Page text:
September 12, 2007

Crash Boards and Support Tips

A while back, I got a call from a company that was having issues with Illustrator at their company. They asked if I might come in and take a look at their systems, their files, and the workflow to help solve their issues and to offer advice for how to better manage their workflow.

Upon arriving at the client, they showed me something which I had honestly never seen before. It was an easel with a huge piece of foamcore board on it. Pinned, taped, and stuck to the board were printouts of screenshots. Each screenshot depicted an error dialog or system message that occurred during the use of Illustrator. There were probably close to a 100 printouts in total on what the IT department and the design team dubbed "The Crash Board".

Basically, it was nearly impossible for designers to accurately describe each problem that occurred, and more so, to wait for an IT person to come visit the design department to see the error. So IT instructed the design department to take a screenshot and print their screen each time something unexpected happened.

I had never seen a crash board before, but oh how wonderful it was for someone like me to see. Rather than have to jump from one workstation to another and interview designers on the problems they've been encountering, I had a pretty good idea just by looking at the Crash Board.

In fact, within moments, I was able to organize all of the errors into groups that I could quickly identify as having similar causes or symptoms. It also quickly became clear that some were system errors while others were Illustrator ones. It was also immediately apparent they were working on their files directly on a network server (rather than copying it to their local drives before opening, etc.). I was able to make some suggestions on workflow adjustments, and ended up spending time showing designers some cool tips and techniques to help them in their work rather than waste time trying to duplicate errors.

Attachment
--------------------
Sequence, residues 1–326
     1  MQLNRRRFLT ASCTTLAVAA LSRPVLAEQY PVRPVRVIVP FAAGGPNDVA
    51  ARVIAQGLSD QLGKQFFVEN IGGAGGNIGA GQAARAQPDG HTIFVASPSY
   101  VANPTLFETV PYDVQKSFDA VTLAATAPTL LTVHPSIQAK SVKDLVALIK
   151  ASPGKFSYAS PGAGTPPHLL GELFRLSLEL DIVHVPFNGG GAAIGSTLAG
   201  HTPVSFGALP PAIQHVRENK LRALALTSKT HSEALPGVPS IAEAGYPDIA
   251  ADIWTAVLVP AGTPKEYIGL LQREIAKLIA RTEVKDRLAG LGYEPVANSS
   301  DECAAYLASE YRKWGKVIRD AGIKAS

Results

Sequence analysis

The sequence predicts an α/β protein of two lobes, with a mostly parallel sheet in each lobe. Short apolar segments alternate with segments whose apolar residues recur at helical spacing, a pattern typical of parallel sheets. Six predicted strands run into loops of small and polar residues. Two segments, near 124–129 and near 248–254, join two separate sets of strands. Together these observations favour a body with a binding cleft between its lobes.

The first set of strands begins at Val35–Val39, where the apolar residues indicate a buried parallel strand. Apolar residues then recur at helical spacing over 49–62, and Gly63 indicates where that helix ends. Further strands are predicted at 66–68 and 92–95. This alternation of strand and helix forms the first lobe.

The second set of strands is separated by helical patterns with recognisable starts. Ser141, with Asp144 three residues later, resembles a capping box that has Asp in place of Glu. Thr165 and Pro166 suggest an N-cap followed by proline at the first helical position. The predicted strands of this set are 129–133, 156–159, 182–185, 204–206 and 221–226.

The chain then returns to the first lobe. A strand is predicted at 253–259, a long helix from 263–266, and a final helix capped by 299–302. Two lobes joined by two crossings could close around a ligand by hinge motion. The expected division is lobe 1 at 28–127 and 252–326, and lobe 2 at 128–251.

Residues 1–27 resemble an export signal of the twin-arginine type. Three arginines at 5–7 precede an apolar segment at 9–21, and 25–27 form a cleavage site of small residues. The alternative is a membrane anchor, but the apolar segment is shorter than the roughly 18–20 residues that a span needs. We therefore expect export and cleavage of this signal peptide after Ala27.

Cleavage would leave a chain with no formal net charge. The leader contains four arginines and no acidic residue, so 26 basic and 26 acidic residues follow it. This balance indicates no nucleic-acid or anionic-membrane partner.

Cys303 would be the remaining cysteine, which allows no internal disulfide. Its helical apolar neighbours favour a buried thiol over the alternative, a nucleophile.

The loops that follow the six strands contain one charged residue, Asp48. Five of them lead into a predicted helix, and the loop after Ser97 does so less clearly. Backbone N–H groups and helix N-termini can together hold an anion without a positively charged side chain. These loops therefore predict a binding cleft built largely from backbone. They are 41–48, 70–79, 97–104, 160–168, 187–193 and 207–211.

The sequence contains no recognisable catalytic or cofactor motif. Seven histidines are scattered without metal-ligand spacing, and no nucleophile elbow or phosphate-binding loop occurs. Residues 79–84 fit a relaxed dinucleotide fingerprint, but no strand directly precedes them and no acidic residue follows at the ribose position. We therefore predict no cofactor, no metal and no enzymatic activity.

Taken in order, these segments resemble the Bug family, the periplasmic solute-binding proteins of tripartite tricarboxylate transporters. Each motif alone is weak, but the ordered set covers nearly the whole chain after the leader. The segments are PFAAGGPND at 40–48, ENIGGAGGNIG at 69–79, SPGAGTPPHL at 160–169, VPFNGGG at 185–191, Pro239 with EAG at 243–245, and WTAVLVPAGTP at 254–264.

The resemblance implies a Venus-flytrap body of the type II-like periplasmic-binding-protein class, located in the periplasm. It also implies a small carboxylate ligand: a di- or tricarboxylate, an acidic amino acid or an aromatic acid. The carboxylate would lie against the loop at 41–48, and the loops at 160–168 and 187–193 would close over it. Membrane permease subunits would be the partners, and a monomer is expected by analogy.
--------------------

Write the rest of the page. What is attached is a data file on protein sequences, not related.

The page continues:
Especially so, if you consider that I have this problem in that computers seem to be aware of my presence. Just about every time a designer calls me to their desk to show me a problem they are having, the computer works just fine. If I had a dime for every time I've heard the phrase "ok, I swear this wasn't working a minute ago..."

In closing, I thought I'd offer a few tips that are sure to make support calls or searching for help that much easier:

1. Start your own crash board. Each time you experience an odd error dialog, take a screenshot and print it out. These will always help when trying to decipher the cause of repeating issues. Any IT department or support person would benefit greatly from reviewing these.

2. Keep a legal pad handy. Each time you see something odd happen, or something doesn't work as expected, jot it down. Also note when you tried doing a particular technique and either it didn't work or you couldn't figure out how to do it. This way, if you're ever at a conference, you'll have a list of questions to ask an expert (for example, at the Creative Suite conference in Chicago this October, there's a Help Clinic where people can even bring their files and have experts offer advice).